When searching for information on one’s ancestors on Google, one usually hopes to find obituaries, marriage notices, birth notices, stories of how one’s ancestor helped found a town or church, not how someone tried to murder them. Of course, in genealogy, any information is good information, even negative information, so I was excited to see my great grandfather’s name, “Randall [sic – usually spelled “Randel”] Farnell.”
According to the Southern Reporter, in 1887, some of my great grandfather’s livestock died. He believed they were poisoned. My great grandfather, who lived in Live Oak, Suwannee County, Florida, sued a neighbor, Perry Davis, accusing him of being the one to poison the livestock. My great grandfather lost the case, Davis was acquitted. However, that was not the end of it.
Shortly after Davis was acquitted, a large number of my great grandfather’s geese tuned up dead. He assumed Davis was responsible. The dead geese were in a lane near both properties, attracting other neighbors who gathered around the geese. The report doesn’t say, but it could be assumed my great grandfather was loudly accusing Davis and those gathered were speculating also about Davis’ involvement. The speculation apparently angered Davis. He went and got his shotgun, came back and confronted my great grandfather. According to the report, Davis leveled the shotgun at my great grandfather at point blank range. He threatened to kill my great grandfather, telling him the shotgun was loaded. Ultimately, Davis did not shoot. My great grandfather accused Davis of attempted murder. The State prosecuted Davis in Circuit Court. He was convicted in a jury trial. However, his lawyer filed an appeal saying that the State had not proved its case and that Davis had been wrongfully convicted and should have been acquitted. The case went to the State Supreme Court.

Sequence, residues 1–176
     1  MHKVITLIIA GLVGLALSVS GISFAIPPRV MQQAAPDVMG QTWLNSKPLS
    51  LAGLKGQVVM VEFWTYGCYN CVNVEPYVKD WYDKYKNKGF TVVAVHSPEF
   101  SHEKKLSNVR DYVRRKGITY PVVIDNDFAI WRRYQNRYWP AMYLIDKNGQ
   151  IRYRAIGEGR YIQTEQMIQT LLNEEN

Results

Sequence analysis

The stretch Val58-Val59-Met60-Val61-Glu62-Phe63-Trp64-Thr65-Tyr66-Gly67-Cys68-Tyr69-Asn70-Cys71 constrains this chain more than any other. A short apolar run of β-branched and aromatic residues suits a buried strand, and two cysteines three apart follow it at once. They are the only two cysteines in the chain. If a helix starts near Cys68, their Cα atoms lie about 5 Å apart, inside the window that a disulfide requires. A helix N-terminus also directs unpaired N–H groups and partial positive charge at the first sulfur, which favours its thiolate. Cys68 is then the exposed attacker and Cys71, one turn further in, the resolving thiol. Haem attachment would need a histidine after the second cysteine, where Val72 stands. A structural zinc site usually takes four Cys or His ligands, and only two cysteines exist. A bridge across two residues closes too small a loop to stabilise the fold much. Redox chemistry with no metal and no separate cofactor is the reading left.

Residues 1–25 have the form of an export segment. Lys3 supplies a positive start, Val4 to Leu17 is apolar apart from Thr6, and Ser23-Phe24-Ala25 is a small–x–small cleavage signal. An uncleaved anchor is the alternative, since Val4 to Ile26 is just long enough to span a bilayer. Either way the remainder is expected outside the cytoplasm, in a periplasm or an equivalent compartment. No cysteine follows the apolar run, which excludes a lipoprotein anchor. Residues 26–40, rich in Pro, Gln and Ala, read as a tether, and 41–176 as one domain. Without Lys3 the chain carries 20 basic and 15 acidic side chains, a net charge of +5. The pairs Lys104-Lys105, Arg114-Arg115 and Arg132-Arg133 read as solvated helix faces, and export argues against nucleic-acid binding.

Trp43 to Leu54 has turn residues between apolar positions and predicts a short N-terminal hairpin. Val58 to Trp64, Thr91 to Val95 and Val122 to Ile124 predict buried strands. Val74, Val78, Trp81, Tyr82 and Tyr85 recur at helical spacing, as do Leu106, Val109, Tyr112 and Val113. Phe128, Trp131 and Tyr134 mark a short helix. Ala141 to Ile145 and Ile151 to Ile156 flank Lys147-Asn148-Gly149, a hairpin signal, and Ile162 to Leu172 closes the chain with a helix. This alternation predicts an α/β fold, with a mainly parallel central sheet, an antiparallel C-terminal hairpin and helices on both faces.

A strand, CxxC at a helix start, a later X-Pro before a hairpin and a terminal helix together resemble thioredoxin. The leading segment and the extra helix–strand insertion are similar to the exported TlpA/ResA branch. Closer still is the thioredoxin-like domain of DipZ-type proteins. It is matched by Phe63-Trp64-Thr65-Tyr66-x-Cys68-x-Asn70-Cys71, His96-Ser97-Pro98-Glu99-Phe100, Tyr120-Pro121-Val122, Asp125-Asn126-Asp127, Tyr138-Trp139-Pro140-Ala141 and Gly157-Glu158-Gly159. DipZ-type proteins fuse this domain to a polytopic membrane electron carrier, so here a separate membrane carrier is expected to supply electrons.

Davis’ attorney claimed that 1) the verdict was contrary to the law; 2) the verdict was contrary to the charge of the court; 3) the verdict was contrary to the evidence and the weight of the evidence; and 4) the evidence was not sufficient to sustain the verdict. According to Davis’ attorney, the most significant evidence against the conviction was that Davis had not killed my great grandfather. The attorney argued that Davis had the shotgun aimed directly at my great grandfather. He could easily have shot him if that was his intention. Thus, the fact that he had not shot him proved he had no intention of shooting him, even though Davis had said, and others testified that he told my great grandfather he intended to kill him. Furthermore, the attorney argued, there was no proof that the shotgun was loaded, even though Davis had said it was loaded. In the end, the Court agreed with Davis’ attorney:
Held, that this evidence does not show an assault with intent to murder.
I would love to know what my great grandfather had to say about that.